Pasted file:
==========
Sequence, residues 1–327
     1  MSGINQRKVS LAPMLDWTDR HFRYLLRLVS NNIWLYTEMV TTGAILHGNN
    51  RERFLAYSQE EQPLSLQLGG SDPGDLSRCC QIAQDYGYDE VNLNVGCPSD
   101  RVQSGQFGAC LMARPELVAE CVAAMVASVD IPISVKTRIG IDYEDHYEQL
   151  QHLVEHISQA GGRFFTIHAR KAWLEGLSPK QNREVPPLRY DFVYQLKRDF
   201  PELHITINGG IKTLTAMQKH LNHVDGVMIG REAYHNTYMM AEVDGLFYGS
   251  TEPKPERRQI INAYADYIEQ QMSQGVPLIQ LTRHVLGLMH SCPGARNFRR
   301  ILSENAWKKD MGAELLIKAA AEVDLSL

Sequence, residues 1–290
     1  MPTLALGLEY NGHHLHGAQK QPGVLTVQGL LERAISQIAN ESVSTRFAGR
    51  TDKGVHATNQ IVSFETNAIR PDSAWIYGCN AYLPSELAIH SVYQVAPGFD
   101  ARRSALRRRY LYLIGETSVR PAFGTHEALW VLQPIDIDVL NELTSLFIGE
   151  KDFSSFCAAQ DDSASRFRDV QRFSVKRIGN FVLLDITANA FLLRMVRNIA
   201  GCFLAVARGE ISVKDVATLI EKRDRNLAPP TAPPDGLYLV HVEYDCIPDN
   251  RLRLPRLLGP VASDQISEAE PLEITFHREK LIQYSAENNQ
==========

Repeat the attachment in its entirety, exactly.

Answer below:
Sequence, residues 1–327
     1  MSGINQRKVS LAPMLDWTDR HFRYLLRLVS NNIWLYTEMV TTGAILHGNN
    51  RERFLAYSQE EQPLSLQLGG SDPGDLSRCC QIAQDYGYDE VNLNVGCPSD
   101  RVQSGQFGAC LMARPELVAE CVAAMVASVD IPISVKTRIG IDYEDHYEQL
   151  QHLVEHISQA GGRFFTIHAR KAWLEGLSPK QNREVPPLRY DFVYQLKRDF
   201  PELHITINGG IKTLTAMQKH LNHVDGVMIG REAYHNTYMM AEVDGLFYGS
   251  TEPKPERRQI INAYADYIEQ QMSQGVPLIQ LTRHVLGLMH SCPGARNFRR
   301  ILSENAWKKD MGAELLIKAA AEVDLSL

Sequence, residues 1–290
     1  MPTLALGLEY NGHHLHGAQK QPGVLTVQGL LERAISQIAN ESVSTRFAGR
    51  TDKGVHATNQ IVSFETNAIR PDSAWIYGCN AYLPSELAIH SVYQVAPGFD
   101  ARRSALRRRY LYLIGETSVR PAFGTHEALW VLQPIDIDVL NELTSLFIGE
   151  KDFSSFCAAQ DDSASRFRDV QRFSVKRIGN FVLLDITANA FLLRMVRNIA
   201  GCFLAVARGE ISVKDVATLI EKRDRNLAPP TAPPDGLYLV HVEYDCIPDN
   251  RLRLPRLLGP VASDQISEAE PLEITFHREK LIQYSAENNQ